role in the "why".

So a SPKI Authorization certificate corresponds to an argument in a 
capability message.  An argument in a capability message is normally 
understood to simply be a capability, so what distinction am I drawing?  At 
the capability layer of abstraction, there are no certificates, and the 
arguments of capability messages are simply capabilities.  While at the 
crypto-implementation layer of abstraction, SPKI is a non-bearer protocol.  

An individual SPKI Authorization Certificate implements a capability as 
passed specifically from Alice to Bob.  If Bob then further authorizes Dana, 
this next authorization is the same capability but a different certificate.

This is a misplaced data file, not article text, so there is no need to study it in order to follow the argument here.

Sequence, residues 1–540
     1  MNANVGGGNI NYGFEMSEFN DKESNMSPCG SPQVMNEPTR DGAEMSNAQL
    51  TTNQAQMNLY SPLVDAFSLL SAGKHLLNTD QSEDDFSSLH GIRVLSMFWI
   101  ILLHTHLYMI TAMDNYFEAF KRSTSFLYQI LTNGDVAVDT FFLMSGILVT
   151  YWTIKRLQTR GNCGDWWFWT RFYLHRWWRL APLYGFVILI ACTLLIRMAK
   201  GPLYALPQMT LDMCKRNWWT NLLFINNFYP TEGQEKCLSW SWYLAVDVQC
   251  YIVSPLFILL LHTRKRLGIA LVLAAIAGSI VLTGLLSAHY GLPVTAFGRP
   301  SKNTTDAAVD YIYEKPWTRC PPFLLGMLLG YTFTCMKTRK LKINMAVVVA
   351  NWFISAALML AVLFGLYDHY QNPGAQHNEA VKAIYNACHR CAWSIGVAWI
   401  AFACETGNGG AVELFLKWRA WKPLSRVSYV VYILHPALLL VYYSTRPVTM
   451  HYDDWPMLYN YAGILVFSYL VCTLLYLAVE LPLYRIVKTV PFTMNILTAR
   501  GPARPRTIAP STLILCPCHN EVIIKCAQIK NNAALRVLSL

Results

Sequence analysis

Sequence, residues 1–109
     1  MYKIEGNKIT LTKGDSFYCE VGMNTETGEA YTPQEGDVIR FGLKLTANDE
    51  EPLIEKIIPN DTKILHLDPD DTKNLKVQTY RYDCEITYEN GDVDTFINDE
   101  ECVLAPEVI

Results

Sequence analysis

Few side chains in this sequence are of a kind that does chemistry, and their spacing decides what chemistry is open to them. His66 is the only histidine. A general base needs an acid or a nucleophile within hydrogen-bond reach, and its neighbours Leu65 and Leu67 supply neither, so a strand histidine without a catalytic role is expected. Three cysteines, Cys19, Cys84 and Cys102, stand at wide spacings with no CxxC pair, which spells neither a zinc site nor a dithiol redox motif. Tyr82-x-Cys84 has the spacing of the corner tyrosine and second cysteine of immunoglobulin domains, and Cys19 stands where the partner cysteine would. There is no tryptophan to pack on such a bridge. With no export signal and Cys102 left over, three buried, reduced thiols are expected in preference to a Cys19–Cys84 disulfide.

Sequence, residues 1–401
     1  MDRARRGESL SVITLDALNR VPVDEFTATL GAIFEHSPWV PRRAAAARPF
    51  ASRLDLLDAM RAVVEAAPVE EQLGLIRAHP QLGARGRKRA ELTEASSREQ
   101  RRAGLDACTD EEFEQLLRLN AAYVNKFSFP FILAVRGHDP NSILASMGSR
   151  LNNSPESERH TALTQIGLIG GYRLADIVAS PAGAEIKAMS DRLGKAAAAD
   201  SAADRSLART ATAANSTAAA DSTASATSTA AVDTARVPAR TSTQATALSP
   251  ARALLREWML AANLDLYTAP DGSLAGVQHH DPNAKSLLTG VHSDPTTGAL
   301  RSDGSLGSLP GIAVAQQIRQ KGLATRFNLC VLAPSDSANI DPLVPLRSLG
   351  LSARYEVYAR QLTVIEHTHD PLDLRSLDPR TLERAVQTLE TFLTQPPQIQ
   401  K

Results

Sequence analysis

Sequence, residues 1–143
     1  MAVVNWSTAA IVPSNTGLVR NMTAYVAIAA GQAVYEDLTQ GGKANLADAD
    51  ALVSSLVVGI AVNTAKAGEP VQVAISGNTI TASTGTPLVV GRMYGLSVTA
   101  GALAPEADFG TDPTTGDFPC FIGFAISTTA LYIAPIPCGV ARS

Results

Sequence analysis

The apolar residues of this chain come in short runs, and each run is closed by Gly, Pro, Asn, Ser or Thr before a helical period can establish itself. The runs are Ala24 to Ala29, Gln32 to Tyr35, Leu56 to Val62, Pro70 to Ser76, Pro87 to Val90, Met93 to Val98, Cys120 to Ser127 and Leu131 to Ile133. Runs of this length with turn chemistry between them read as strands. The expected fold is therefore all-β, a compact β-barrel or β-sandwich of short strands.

If E's current SturdyRefs are off-line bearer capabilities, we might say 
that authorization certificates are SturdyArguments -- off-line per-message 

So now let's examine the parts of a SPKI Authorization Certificate with 
regard to representing an argument in a capability message.

1) Issuer:  Fingerprint of the public key corresponding to the private 
signing key of the party sending the message.  The tuple as a whole is also 
signed with the Issuer's signing key.  Great.  We'd keep this.  For us, the 
Issuer would be the Vat, and this fingerprint is the VatID.  In the standard 
example, this is VatID(A).  It's not yet clear whether this field needs to 
be expanded to uniquely designate Alice within VatA.

2) Subject: Fingerprint of the public signature key of the party the message